You also get to see the story through the grownups' eyes. There's a whole passel of Parkers led by Ned. Cody, his nephew, is the police chief who's finally reached the stage of his career where he knows when to tell his uncle to calm down and stay put. But of all the grownup characters, one of my two favorites is big John Washington, the Black deputy. In his quiet way readers get to see what life was like for Blacks in 1960s Texas. When it comes right down to it, I don't know who I'd want to have at my back in a fight, John Washington or retired Texas Ranger Tom Bell. Mr. Tom might have been chasing outlaws in the 1930s, but anyone who dismisses either him or Ned Parker as just an old man does so at their own peril. Both of these men don't talk much but they have a huge presence.

From the mystery to the sense of place to the characters, these Red River mysteries are most definitely more-ish, and I hope with all my heart that it's not another three years before I see these folks again.

Laying Bones by Reavis Wortham
eISBN: 9781464214387
Poisoned Pen Press © 2021
eBook, 336 pages
 
Historical Mystery, #8 Red River mystery
Rating: A
Source: Net Galley

Wednesday, January 13, 2021

Sleep Well My Lady by Kwei Quartey

First Line: In the lavish Trosacco Valley, the Beverly Hills of Accra, no one would have anticipated a murder.
 
When the creator of a fashion empire is found dead in her home in an exclusive section of Accra, Ghana, there seems to be only one suspect: popular talk show host Augustus Seeza, who had a tempestuous relationship with the murdered Lady Araba. However, a quick investigation by the police leads to her chauffeur being convicted of the crime.

Dissatisfied with the outcome of the police investigation, Lady Araba's aunt, Dele, turns to the Sowah Agency where Emma Djan works as a private investigator. Emma soon finds herself working in various undercover roles, learning that there certainly is no shortage of suspects who have strong motives for wanting Lady Araba dead. Everyone at the agency is going to have to work hard to find the proof that will catch a remorseless killer.

~

The opening chapters of Sleep Well My Lady jump back and forth between various time frames so often that this caused me some minor annoyance, but once the backstory was established, I became immersed in the story-- something that is very easy for me to do each time I pick up a book written by Kwei Quartey.

The murder of Lady Araba is an intricately layered puzzle, and even though this is the second book in the Emma Djan mystery series, it takes the hard work of the entire detective agency to solve the crime. The work of a talented ensemble cast slowly peels back layer after layer of the truth. So many people have strong motives to want this talented woman dead that the reader will probably have trouble deducing which person had not only the desire but the will, to carry out the murder.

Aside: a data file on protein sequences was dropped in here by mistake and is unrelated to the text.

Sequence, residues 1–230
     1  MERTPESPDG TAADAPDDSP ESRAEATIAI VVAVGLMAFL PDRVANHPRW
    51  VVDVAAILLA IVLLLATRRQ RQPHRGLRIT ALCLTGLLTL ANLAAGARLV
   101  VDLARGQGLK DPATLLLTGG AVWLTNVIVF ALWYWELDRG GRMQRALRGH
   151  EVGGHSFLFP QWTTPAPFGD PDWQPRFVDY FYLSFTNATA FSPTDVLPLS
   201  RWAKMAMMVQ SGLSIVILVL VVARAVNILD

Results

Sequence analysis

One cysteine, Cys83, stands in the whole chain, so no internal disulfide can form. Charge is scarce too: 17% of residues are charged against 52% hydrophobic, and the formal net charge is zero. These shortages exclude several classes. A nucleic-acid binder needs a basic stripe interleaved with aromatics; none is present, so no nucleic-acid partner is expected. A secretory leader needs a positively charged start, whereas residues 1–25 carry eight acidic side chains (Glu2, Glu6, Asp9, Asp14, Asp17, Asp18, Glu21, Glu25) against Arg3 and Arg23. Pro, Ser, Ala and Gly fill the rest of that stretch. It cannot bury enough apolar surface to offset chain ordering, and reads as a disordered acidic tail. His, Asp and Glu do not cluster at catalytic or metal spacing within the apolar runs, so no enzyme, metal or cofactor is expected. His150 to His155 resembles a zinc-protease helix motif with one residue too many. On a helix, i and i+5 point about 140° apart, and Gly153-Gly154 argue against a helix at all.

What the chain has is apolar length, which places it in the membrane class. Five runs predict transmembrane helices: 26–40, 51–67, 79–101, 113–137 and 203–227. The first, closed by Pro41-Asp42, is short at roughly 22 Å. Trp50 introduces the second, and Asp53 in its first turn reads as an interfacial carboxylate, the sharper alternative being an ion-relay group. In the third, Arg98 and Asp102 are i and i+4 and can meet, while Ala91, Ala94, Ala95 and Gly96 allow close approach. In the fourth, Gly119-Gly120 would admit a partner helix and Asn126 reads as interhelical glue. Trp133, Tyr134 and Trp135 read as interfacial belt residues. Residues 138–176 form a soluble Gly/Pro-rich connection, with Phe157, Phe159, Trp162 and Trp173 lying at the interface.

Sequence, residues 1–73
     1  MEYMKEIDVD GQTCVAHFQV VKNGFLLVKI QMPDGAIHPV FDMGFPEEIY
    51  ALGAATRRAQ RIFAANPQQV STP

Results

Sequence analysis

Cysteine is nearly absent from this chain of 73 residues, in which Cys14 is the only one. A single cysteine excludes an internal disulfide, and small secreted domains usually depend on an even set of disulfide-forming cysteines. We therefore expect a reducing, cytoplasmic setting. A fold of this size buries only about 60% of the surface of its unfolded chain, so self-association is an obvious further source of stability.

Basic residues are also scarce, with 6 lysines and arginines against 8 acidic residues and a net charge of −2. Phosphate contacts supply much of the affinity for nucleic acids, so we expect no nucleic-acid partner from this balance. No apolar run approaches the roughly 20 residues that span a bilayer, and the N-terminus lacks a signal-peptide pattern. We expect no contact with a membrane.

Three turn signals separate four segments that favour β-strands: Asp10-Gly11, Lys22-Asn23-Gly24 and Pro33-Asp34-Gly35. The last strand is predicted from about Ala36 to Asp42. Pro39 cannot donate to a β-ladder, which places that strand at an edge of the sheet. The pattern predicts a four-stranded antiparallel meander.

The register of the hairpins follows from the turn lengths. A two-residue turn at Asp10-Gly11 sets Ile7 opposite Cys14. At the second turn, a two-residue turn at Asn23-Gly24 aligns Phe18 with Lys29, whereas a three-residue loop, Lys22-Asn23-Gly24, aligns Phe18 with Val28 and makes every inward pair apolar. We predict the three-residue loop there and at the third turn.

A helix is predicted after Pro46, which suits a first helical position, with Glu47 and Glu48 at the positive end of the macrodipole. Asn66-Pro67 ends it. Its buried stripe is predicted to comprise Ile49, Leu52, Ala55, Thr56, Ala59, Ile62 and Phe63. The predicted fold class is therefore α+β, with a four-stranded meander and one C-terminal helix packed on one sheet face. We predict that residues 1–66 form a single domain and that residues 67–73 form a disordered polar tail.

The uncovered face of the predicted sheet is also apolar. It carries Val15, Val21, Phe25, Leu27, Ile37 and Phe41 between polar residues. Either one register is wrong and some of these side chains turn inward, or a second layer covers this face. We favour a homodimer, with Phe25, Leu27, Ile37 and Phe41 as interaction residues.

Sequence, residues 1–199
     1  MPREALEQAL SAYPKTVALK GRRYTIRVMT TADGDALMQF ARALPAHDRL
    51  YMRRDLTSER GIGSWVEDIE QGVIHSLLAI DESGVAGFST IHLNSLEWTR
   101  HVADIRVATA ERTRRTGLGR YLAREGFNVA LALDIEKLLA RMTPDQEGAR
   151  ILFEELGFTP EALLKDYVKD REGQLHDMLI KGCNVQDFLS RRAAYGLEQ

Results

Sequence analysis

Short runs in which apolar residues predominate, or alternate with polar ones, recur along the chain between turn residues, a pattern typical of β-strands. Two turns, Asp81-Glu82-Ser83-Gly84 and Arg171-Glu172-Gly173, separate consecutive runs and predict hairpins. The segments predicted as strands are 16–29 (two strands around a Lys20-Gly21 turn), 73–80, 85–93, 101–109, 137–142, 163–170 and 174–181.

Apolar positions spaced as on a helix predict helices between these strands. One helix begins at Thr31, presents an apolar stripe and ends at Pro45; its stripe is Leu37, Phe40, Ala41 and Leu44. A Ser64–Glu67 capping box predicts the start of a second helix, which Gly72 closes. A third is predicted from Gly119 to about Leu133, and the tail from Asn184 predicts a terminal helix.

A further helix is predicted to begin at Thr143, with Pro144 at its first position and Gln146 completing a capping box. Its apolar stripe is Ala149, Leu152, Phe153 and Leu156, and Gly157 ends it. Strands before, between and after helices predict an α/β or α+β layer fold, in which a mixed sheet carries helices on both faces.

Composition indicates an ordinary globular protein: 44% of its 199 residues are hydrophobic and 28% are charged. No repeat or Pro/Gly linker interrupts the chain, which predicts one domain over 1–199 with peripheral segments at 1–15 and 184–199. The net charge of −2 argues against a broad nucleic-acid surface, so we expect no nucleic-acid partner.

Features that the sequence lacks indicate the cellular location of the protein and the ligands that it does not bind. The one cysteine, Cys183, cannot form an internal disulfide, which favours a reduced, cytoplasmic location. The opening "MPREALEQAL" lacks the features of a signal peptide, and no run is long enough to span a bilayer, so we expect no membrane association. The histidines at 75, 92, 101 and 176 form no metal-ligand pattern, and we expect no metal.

One of the things that Quartey illustrates so ably in Sleep Well My Lady is that the problems with the Ghana police force are not just limited to bribery or "looking the other way," and it's in showing readers this that he created two striking minor characters whom I hope to see in future books. One is the forthright Dr. Jauregui from Cuba, and the other is a member of the police force who is told: "...it's tough to be an island of integrity when sneaky crocodiles are all around, circling you." With the world events of the past four years, I think we all know how rare these "islands of integrity" are.

If you enjoy well-written mysteries with standout characters and a strong sense of place, you can't go wrong with anything written by Kwei Quartey. Once you've read the Emma Djan series (the first book is The Missing American), try his Darko Dawson series beginning with Wife of the Gods. You've got some excellent reading ahead of you.
 
Sleep Well My Lady by Kwei Quartey
eISBN: 9781641292085
Soho Press © 2021
eBook, 336 pages
 
Private Investigator, #2 Emma Djan mystery
Rating: A
Source: Net Galley

2020: My Year in Reading

 

 
My graph making has turned into an annual event when I share statistics from my reading during the past year. In the case of 2020, I now have a decade's worth of reading statistics on my Excel spreadsheets, so I thought I'd share a few of those. I've already shared my Best Reads of the Year in a previous post, so let's get started on all the rest!
 

2020 Book Travels



 

One of the things I like to do is to track the settings of the books I read. The major way I do this is on Zee Maps. Take a look at my world map to see the miles I racked up in my reading during 2020. You can zoom in and out, hover over markers to see book titles, etc. During this pandemic, I did find myself reading books that traveled around the globe simply because I couldn't. I did start out pouring over accommodations on sites like Airbnb to plan future adventures, but I just found myself getting depressed, so I stopped that and started immersing myself in books that did my traveling for me. Gerald Durrell's attempts to populate his zoo with exotic animals really helped during this time as did a book on a century of sea travel. I think I had a dream in every port.

Looking at the globe made me wonder what countries I visited most through my reading.